Ward Melville High School senior Amber Luo was home for barely a day from a third-place finish in the Regeneron Science Talent Search competition before she was readying to board a bus for another highly regarded academic competition.
Luo, 18, of Stony Brook, flew home on Wednesday from the Regeneron event in Washington, D.C., where she won $150,000 and was named one of the nation's top young scientists. On Thursday, she was off to upstate LeMoyne College near Syracuse to compete in the New York State Science Olympiad tournament. She is a captain on her school's team.
Her finish in D.C. "was like a dream come true," she said.
"I heard Ward Melville and I was like, 'Did I just hear that right?' To be able to be in the top three is something everybody dreams of," Luo said Thursday morning at her school about the Regeneron experience. Her research on computational biology was selected from more than 1,800 projects worldwide.
Luo developed a software called RiboBayes, a computational tool used to reveal how ribosomes move along a cell’s mRNA transcript to produce proteins. Her work, she said, can enable researchers to gain a better view of underlying health conditions in a range of diseases, such as Alzheimer’s.
A 4.0 student, Luo said she went through three days of judging in D.C., where top scientists asked questions about her project — and about other topics, too.
"They asked me how many M&M's can fit in a swimming pool? They pick out questions to find out how you think about science," said Luo, who used math and chemistry to explain how she would go about figuring out the answers.
On the third day, she was asked about her project. "It is so much fun, honestly, to talk about your research with some of the brightest researchers in the nation," Luo said.
Regeneron selections were based on research skills, academics, innovation and promise as scientists. Long Island had seven students in the finals, covering a variety of topics, including studies on the Island’s salt marsh ecosystem, eye cancer, voting habits and COVID-19-induced stress.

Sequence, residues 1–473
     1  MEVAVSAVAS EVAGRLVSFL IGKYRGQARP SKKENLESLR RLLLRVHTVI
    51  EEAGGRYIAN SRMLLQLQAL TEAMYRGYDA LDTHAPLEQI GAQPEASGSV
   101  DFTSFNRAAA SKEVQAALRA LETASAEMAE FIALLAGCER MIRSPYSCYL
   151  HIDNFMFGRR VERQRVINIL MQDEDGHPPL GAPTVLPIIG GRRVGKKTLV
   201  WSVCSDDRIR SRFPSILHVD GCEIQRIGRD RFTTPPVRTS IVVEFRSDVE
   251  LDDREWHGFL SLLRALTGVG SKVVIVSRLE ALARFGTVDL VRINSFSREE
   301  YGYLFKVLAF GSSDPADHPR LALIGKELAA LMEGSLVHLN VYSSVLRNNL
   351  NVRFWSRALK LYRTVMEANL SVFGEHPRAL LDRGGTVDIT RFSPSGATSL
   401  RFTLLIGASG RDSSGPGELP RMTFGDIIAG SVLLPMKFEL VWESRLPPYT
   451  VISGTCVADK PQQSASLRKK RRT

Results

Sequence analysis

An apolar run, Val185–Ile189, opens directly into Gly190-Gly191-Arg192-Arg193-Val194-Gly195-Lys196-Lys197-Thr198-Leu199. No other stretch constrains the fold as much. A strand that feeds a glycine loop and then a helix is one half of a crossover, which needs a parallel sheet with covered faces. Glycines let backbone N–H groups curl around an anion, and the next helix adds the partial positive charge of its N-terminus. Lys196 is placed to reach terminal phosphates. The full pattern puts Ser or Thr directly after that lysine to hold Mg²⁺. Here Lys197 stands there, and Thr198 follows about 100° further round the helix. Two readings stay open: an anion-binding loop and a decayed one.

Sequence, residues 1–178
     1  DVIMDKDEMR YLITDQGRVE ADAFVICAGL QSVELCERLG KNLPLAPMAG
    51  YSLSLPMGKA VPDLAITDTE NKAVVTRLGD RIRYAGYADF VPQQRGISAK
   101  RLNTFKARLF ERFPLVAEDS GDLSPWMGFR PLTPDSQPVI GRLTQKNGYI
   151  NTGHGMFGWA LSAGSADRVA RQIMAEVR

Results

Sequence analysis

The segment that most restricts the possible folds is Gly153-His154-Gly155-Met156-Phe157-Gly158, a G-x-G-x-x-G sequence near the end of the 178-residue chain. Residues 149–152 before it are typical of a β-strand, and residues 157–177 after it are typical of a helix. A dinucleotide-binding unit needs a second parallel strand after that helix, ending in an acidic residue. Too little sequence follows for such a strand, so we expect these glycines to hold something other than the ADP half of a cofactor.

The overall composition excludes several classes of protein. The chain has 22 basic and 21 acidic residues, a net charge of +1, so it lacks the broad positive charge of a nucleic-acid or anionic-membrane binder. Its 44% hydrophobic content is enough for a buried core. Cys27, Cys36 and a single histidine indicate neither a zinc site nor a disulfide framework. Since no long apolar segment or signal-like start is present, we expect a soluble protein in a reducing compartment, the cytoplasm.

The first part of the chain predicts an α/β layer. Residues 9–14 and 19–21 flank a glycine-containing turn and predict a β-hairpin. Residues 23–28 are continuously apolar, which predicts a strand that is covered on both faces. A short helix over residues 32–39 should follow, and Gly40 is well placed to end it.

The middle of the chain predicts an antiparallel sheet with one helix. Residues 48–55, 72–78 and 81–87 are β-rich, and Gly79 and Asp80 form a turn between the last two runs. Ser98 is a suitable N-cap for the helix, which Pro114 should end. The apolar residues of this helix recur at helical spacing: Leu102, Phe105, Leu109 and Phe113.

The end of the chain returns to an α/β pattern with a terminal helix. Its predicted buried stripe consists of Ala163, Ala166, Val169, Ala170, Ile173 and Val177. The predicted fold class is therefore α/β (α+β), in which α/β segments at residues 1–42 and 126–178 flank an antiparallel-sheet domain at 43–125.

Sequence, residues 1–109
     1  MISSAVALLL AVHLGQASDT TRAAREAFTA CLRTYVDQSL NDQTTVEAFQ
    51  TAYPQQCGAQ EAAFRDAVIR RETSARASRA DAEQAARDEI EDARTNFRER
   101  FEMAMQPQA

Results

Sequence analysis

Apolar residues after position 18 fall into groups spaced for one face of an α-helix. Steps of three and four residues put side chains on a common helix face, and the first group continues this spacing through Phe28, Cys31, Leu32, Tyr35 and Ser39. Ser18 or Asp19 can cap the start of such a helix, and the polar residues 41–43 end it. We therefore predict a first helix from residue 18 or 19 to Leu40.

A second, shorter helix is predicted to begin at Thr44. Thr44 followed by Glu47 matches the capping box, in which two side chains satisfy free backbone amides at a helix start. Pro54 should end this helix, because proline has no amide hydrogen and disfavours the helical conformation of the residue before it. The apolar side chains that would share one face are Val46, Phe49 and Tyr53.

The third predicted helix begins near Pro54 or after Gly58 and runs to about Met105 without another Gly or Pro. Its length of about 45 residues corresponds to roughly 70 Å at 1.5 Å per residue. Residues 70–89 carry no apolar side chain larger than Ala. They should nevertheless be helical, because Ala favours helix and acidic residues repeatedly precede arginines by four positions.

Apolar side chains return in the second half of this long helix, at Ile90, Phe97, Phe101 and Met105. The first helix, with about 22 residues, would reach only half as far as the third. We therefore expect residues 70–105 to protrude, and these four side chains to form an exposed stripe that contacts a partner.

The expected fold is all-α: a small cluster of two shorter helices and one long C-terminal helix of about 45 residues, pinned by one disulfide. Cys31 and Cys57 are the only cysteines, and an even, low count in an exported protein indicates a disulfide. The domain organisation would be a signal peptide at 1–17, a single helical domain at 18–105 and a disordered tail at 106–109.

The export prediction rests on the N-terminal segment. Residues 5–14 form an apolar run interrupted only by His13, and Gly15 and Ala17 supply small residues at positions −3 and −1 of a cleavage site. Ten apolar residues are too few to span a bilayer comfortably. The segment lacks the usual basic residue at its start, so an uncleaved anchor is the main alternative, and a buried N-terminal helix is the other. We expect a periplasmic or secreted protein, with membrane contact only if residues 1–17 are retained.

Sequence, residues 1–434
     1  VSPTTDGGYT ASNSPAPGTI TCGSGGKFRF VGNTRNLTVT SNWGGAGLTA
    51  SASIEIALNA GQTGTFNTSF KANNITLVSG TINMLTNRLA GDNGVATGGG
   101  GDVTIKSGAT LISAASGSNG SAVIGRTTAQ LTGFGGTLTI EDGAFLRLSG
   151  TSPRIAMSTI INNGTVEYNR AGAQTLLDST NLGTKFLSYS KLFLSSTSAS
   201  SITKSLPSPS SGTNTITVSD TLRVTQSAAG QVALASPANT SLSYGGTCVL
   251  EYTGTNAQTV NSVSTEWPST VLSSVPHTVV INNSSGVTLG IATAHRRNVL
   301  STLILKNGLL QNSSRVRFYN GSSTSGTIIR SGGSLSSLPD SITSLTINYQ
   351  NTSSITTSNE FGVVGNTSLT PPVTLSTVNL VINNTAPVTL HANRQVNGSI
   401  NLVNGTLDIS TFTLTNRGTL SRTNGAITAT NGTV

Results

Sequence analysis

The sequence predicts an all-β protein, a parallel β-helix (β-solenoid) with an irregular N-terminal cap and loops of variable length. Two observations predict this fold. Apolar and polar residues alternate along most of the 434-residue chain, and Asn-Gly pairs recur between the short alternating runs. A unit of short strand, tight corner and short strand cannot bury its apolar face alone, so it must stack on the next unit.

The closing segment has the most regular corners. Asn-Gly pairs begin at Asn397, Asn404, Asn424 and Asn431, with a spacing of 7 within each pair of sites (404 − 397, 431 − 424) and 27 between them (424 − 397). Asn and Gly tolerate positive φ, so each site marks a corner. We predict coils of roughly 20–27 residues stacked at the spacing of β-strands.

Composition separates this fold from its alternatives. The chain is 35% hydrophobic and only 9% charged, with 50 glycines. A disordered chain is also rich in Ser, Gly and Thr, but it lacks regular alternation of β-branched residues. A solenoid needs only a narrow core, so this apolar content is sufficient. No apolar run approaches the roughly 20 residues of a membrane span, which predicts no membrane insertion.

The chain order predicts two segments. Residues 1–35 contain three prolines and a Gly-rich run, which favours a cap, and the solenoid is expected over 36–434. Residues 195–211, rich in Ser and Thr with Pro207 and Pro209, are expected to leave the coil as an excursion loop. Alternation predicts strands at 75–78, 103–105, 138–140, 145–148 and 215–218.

The top 10 Regeneron finishers were announced at a gala Tuesday night. The students were chosen from among 1,804 applications from 603 high schools across 46 states, D.C., Puerto Rico and eight countries. Finalists were selected from 300 semifinalists chosen earlier this year.
Luo said she has been accepted at both Harvard University and Massachusetts Institute of Technology, but has not decided which school to attend. She plans to use the prize money for college.
Luo is considering going into medicine or getting a doctorate so she can continue research, teach and treat patients. Her mother, Weiqin Lu, is a cancer researcher and associate professor in the Department of Medicine at the Renaissance School of Medicine at Stony Brook University. Her father, Yongde Luo, is a professor at a university in Wenzhou, China.
While some students take years to finish their projects, Luo took only a few months. Her idea was sparked when she attended a virtual research program through MIT, and later worked virtually on her project with a professor from the University of Texas at Austin.
Marnie Kula, Ward Melville High's science chair and coordinator of the research program InStar, watched Luo in D.C. on a livestream.
"I am so proud of her," Kula said. "It was reassuring to see kids being celebrated for doing really good things that will have positive impacts in the world."
The InStar program, an elective that students apply for, runs for three years. Luo is in her third year, including two years during the COVID-19 pandemic. She was a sophomore in March 2020 when schools shut down.
"It has been a unique road for this senior class. But they stuck to it, and she is really a leader in this," Kula said. "She has a tenacity that is unprecedented. She gave me her manuscript in early fall, I read it … and I handed it back, and said, ‘Amber this is the most perfect first draft manuscript I have ever read in my career.' "
On Thursday, Luo boarded a bus with her team for the state Science Olympiad, where teams compete in science, technology, engineering and mathematics.
"As captain, I have to manage the team's logistics," said Luo, who will compete in four events. "I have to make sure everyone is preparing for their events and are ready to go."
What to know
- Amber Luo, 18, of Stony Brook, won $150,000 and was named one of the top young scientists in the country Tuesday in the finals of the Regeneron Science Talent Search in Washington, D.C.
- Her research — development of a software called RiboBayes, a computational tool used to reveal how ribosomes move along a cell’s mRNA transcript to produce proteins — can enable researchers to gain a better view of underlying health conditions in a range of diseases, such as Alzheimer’s.
- Luo also likes helping others. She founded an educational STEM nonprofit called Illumina Learning, which provides free online courses in biology, research and computing from accomplished high school scientists to aspiring young students.